With consular processing you should first determine if your immigrant spouse has ever lived in the US prior to filing the application. If so, you need to make sure that they didn’t do anything to violate their status when they were in the US. Certain types of violations, like overstaying a visa for a lengthy period could make the immigrant spouse ineligible to enter the US for three or ten years. If they have a deportation order or a criminal history, they could also be barred from entering the US for significant periods of time or even permanently. If you think your spouse has issues in their case, it would be wise to review the matter with an immigration attorney.

Ok, so let’s assume that there are no major immigration issues with the immigrant spouse. In that case, you will file an initial set of applications with USCIS. USCIS will issue a receipt notice for the immigrant petition which will verify they have received the application, fees were paid and provide you with a receipt number.

If USCIS approves the initial application, they will then forward the application to the National Visa Center (NVC) which is a part of the US State Department. The NVC will acknowledge receipt of the USCIS application and then have you fill out an additional application for the State Department as well as an affidavit of support. You will also have to pay some additional fees online to NVC before they will process these applications for you.

Once NVC has all of the forms and supporting documents from you, they will forward all of the relevant documents to the appropriate US Embassy or Consulate in your spouse’s country. The embassy/consulate will then send additional instructions to your immigrant spouse regarding what to bring to their interview and how to obtain a medical exam. They will also assign a date and time for the immigrant spouse to attend an interview at the embassy/consulate. In most cases, only the immigrant spouse is allowed at the interview. The US citizen spouse is often discouraged, or even prohibited, from waiting at the embassy/consulate while the interview is being conducted.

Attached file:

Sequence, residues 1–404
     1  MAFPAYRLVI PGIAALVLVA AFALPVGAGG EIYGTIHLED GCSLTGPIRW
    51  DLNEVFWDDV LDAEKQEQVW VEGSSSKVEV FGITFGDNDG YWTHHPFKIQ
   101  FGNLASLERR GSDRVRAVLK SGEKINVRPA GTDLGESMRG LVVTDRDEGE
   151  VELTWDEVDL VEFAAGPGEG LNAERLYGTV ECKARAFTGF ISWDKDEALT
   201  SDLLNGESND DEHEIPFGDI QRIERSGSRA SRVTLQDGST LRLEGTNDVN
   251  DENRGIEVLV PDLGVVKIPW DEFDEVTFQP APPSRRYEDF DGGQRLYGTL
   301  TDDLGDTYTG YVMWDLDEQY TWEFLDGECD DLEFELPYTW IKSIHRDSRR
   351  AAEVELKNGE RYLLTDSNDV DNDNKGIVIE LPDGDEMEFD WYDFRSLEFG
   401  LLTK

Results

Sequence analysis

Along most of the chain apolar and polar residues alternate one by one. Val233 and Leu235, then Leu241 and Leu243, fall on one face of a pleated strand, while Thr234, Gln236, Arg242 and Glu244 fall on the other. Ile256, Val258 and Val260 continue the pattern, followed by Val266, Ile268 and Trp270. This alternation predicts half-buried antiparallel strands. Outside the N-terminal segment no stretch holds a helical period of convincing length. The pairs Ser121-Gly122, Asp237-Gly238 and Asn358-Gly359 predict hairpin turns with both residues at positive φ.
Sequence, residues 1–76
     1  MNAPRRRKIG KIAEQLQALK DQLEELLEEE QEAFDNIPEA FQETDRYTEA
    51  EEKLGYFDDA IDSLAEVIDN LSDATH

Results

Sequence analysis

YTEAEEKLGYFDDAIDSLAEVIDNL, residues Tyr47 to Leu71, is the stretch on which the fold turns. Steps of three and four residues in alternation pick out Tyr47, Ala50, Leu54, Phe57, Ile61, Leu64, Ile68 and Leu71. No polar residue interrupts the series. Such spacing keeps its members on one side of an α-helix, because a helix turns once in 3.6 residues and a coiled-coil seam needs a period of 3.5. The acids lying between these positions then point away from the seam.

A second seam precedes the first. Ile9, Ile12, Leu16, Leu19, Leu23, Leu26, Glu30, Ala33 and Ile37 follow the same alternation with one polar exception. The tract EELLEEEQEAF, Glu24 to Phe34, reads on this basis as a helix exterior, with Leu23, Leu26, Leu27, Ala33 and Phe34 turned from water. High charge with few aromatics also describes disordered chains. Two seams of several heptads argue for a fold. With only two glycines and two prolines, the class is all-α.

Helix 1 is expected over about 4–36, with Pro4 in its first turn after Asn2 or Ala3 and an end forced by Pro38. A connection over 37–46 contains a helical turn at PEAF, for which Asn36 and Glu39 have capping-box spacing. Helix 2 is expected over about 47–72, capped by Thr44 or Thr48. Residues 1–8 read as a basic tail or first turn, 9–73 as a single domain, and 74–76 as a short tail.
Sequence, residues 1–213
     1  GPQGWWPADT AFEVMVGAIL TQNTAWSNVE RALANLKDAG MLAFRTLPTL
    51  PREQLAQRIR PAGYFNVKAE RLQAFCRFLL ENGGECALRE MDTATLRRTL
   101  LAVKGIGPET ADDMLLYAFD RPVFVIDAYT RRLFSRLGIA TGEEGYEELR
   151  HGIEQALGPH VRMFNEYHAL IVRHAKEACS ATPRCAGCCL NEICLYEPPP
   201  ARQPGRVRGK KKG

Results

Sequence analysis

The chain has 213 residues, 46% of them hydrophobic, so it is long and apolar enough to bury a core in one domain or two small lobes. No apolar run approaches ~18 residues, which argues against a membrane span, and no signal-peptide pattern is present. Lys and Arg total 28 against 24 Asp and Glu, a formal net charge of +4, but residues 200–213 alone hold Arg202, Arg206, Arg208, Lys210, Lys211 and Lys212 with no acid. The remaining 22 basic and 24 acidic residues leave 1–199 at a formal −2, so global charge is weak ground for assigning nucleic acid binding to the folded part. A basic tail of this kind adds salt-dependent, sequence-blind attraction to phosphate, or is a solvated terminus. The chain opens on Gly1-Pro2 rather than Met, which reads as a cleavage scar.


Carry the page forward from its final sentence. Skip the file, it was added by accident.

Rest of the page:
After the interview is completed the immigrant is told whether the application has been approved and if approved they are provided with a sealed packet to provide to the US customs officer upon their arrival in the US. A few weeks after arrival in the US the immigrant is issued either a conditional green card valid for two years or an unrestricted green card valid for ten years. If your marriage is less than two years old at the time of your interview the immigrant spouse receives the conditional green card. If the marriage is over two years old at the time of the interview the immigrant spouse will receive the ten year green card.


There is a lot more detail involved in both Adjustment of Status and Consular Processing, but hopefully the description above gives you a general overview of how the process works for each type of application and some basic difference between the two. I think the biggest surprise for my clients is when I tell them that the US citizen is normally not allowed to appear for the interview when Consular Processing.

If you would like help with either process feel free to use the contact us form on this page to schedule a consultation. You can also set up an in person or Skype consultation with attorney Rahim Dhanani by calling (404) 593-0434.